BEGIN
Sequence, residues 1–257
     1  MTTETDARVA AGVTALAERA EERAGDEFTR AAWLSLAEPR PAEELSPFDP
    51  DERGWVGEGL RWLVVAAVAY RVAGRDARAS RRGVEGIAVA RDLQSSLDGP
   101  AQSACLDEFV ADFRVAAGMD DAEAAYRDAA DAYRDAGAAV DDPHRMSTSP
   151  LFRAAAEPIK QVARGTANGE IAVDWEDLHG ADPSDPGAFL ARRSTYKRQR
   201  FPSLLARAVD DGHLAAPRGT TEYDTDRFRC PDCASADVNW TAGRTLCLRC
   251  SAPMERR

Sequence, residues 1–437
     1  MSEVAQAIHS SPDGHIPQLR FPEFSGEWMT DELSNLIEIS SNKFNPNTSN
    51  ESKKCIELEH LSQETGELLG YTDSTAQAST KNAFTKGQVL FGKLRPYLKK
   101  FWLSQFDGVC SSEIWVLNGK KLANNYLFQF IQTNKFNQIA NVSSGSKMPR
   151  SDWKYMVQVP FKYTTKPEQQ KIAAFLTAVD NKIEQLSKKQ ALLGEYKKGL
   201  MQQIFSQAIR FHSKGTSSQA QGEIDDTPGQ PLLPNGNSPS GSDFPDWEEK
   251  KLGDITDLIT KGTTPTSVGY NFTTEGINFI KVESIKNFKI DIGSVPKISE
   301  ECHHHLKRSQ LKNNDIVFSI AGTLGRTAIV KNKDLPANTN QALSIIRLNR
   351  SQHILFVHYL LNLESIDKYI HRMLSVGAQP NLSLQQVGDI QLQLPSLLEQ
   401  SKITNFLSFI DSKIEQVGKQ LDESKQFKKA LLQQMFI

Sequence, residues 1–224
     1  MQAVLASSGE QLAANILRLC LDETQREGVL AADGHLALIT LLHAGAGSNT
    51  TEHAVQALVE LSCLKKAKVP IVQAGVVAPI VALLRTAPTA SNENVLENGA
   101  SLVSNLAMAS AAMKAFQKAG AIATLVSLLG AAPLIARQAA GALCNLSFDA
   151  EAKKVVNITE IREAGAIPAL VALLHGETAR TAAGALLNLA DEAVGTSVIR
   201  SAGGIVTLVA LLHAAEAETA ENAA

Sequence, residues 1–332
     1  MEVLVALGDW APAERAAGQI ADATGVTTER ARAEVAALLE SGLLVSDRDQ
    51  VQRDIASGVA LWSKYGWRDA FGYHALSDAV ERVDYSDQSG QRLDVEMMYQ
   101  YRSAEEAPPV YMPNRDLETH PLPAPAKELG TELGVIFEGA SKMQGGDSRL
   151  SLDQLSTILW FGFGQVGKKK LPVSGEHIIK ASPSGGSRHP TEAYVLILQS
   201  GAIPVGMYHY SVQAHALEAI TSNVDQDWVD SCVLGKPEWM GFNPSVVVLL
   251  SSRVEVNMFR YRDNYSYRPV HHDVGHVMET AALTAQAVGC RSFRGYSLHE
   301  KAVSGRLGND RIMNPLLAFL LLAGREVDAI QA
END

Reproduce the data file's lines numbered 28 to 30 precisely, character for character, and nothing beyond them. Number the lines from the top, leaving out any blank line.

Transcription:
   151  SLDQLSTILW FGFGQVGKKK LPVSGEHIIK ASPSGGSRHP TEAYVLILQS
   201  GAIPVGMYHY SVQAHALEAI TSNVDQDWVD SCVLGKPEWM GFNPSVVVLL
   251  SSRVEVNMFR YRDNYSYRPV HHDVGHVMET AALTAQAVGC RSFRGYSLHE